Multiple identities. Front page of the Financial Times. Four mugshots


of him looking very different. In all of them.


What right, he's got quite a fat chow hall look. Very gaunt and thin


on the one next to him. Six different aliases. Three


different nationalities. Tracking this man will be difficult. But what


we have been talking about, how you have cross-border intelligence and


security that joins up all the dots. European court rules, indiscriminate


UK mass surveillance law to be illegal, Lucy. It's very


interesting, the timing of this judgment given that we have just had


this terror attack. The ECJ has ruled against this law that would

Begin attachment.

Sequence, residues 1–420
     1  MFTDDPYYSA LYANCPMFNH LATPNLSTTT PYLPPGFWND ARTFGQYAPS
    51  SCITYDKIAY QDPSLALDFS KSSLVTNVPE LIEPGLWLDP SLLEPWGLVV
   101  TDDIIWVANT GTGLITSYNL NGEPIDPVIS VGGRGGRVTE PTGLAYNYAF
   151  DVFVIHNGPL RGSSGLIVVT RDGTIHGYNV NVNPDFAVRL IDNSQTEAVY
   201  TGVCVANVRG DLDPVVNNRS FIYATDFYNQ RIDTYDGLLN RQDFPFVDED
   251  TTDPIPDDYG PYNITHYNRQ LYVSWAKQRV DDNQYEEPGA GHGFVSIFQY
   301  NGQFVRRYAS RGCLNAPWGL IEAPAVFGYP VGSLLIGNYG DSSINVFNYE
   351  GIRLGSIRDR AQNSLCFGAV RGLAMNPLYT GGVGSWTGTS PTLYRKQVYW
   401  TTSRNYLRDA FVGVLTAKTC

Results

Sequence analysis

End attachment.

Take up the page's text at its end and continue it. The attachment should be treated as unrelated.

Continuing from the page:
allow the Home Office, the government, to keep the internet


records and phone records of British citizens for 12 months. If you


suspect someone of being involved in crime or serious crime or terror,


instead of asking the authorities onwards looking to keep records, you


can look back at what they've been looking at online or the website,


not every web page but the general domain names. And the people they've


been in contact with. This has been ruled illegal because it is so


indiscriminate. The idea it is not targeted, you should not have these


net trawls of data that affect every UK citizen when there is no


suspicion. When you look at some of the departments that would have


access to this, things like the Food Standards Agency, the gambling


commission, you do think, as a British citizen, what I want these


people looking at it? What's going on? It's one thing, an author body


institution having access to this data but what about the individuals